test. This system allowed semi-trained surgeons to be further
educated, and unusable doctors to be dismissed from service. In
1864 Moore established the Confederate States Medical and
, a manual to instruct the surgeons throughout
the army; it included both exact descriptions and drawings of
operations. During the war Moore also founded the
Association of Army and Navy Surgeons of the Confederate States of
. This organization is believed to be the oldest
military medical society in the United States. He also added
dentists to the hospitals, the first time in American history its
soldiers and sailors had access to this service. By the end of the
war in 1865, the Medical Department of the Confederacy had about
three thousand men under Moore.
After the war ended in 1865, Moore resumed his life as a civilian
doctor. He began a medical practice in Richmond, where he would
spend the rest of his life. From 1877 to 1883 Moore also served on
the Richmond School Board. He died in Richmond in May 1889, and was
buried in the city's Hollywood
While Moore's abilities and effectiveness have been disputed,
Jefferson Davis approved of his performance. Military historian
Bruce Allardice describes his contemporary judgments as positive,
citing praises such as "his great work as an organizer, his
remarkable executive ability" and his "great brusqueness of manner
and his sternness as a disciplinarian." Military historian David J. Eicher
disagrees, saying "Surg. Gen.
William A. Hammond
(U.S.) and Samuel P. Moore (C.S.)
were relatively ineffective as administrators..."Eicher(1), p. 789.
Another summary also praises Moore's results, stating:
Moore's rank in the Confederate Army has also been disputed. When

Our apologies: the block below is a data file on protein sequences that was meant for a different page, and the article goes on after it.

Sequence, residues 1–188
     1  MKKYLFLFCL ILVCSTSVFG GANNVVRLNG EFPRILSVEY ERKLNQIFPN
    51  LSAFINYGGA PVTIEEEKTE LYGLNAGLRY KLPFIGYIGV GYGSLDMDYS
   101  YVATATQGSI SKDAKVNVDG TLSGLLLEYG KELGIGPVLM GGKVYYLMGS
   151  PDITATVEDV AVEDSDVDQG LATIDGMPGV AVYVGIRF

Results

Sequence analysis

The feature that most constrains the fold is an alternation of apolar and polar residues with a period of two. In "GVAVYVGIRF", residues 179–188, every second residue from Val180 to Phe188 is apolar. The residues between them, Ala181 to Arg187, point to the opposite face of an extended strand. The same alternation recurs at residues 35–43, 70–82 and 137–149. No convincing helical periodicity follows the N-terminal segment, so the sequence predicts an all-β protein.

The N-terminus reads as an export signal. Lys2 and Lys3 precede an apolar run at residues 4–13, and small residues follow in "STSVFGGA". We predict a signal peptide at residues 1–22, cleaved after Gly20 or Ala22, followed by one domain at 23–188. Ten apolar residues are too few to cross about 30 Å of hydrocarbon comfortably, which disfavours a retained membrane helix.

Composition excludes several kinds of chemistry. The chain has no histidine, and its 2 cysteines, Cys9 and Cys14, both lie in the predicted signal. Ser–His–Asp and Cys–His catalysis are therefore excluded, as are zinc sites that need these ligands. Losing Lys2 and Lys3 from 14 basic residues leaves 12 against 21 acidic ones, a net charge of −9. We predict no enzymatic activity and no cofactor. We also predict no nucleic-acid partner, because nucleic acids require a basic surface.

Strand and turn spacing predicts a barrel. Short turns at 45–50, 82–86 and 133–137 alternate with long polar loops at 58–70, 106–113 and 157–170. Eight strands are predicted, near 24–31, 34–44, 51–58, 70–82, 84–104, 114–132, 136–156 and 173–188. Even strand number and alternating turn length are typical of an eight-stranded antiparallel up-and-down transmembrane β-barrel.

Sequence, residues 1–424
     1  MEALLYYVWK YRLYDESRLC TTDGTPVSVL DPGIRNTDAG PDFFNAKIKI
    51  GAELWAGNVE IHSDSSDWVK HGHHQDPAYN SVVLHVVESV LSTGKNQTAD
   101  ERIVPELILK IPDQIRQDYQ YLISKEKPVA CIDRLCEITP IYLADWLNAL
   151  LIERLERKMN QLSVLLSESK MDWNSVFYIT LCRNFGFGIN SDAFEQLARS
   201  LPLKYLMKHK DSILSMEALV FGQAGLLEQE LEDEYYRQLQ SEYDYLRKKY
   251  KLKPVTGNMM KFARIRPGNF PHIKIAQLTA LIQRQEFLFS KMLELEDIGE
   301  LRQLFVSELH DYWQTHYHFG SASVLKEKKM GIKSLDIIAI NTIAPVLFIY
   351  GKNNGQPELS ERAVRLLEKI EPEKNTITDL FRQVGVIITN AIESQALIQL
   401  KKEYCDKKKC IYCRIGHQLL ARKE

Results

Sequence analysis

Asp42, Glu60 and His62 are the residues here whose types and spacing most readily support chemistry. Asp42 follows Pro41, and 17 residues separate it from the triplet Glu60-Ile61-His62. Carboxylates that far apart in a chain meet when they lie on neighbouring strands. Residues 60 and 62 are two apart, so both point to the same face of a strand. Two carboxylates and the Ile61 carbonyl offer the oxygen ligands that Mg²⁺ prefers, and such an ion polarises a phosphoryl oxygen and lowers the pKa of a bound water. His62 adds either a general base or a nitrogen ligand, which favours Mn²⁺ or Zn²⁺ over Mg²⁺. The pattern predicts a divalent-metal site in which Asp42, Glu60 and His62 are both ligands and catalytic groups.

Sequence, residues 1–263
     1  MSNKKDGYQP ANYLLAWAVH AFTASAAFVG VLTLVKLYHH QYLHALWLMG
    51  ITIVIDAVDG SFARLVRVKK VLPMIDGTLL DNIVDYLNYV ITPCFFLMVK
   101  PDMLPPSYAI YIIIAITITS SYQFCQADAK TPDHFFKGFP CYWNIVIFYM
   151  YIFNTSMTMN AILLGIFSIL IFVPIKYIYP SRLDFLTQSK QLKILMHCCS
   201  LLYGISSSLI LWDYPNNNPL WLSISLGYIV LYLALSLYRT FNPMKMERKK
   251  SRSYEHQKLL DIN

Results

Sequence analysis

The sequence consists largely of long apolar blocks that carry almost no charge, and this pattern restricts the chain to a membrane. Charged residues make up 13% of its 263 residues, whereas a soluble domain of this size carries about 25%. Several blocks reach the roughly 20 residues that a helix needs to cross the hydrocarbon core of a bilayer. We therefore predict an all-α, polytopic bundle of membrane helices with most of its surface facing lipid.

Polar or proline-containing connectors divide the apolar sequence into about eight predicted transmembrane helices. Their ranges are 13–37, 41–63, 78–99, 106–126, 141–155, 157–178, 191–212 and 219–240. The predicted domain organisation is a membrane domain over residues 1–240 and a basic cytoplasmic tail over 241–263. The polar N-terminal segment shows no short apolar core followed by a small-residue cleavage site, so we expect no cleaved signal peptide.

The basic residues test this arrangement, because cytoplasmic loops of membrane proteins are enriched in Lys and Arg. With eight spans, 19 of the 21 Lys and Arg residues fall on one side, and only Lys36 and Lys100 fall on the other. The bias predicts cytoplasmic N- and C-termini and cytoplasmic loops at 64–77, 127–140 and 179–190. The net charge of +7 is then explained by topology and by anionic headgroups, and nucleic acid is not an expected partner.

the Confederate Army's Medical Department was organized on February
26, 1861, the legislation stated the surgeon general would be a
. However, Military historian Bruce
Allardice considers Moore to be a brigadier general
, as did Confederate
magazine. The Confederate Congress
Act of February 27, 1861, stipulated that the post would be a staff
officer only.Eicher(2), p. 23. Moore is also listed as an
"unsubstantiated" brigadier general of the South Carolina militia,
appointed in 1865. Subsequent legislation to make the surgeon
general a brigadier was proposed but never became law.
- Allardice, p. 168.
- Wakelyn, p. 323.
- Allardice, p. 168. "He helped pioneer innovative medical
practices,... including the employment of dentists in the
- Wakelyn, p. 324.
- Allardice, p. 168. "CV lists Moore as a brigadier general,
appointed from South Carolina in 1865."
- Allardice, Bruce S., More Generals in Gray, Louisiana
State University Press, 1995, ISBN 0-8071-3148-2.
- Eicher(1), David J., The Longest Night: A Military History
of the Civil War, Simon & Schuster, 2001, ISBN
- Eicher(2), John H., and Eicher, David J., Civil War High
Commands, Stanford University Press, 2001, ISBN
- Wakelyn, Jon L., Biographical Dictonary of the
Confederacy, Greenwood Press, 1977, ISBN 0-8371-6124-X.
- uab.edu Reynolds Historical Library biography
- Cunningham, Horace H. Doctors in Grey, Baton Rouge,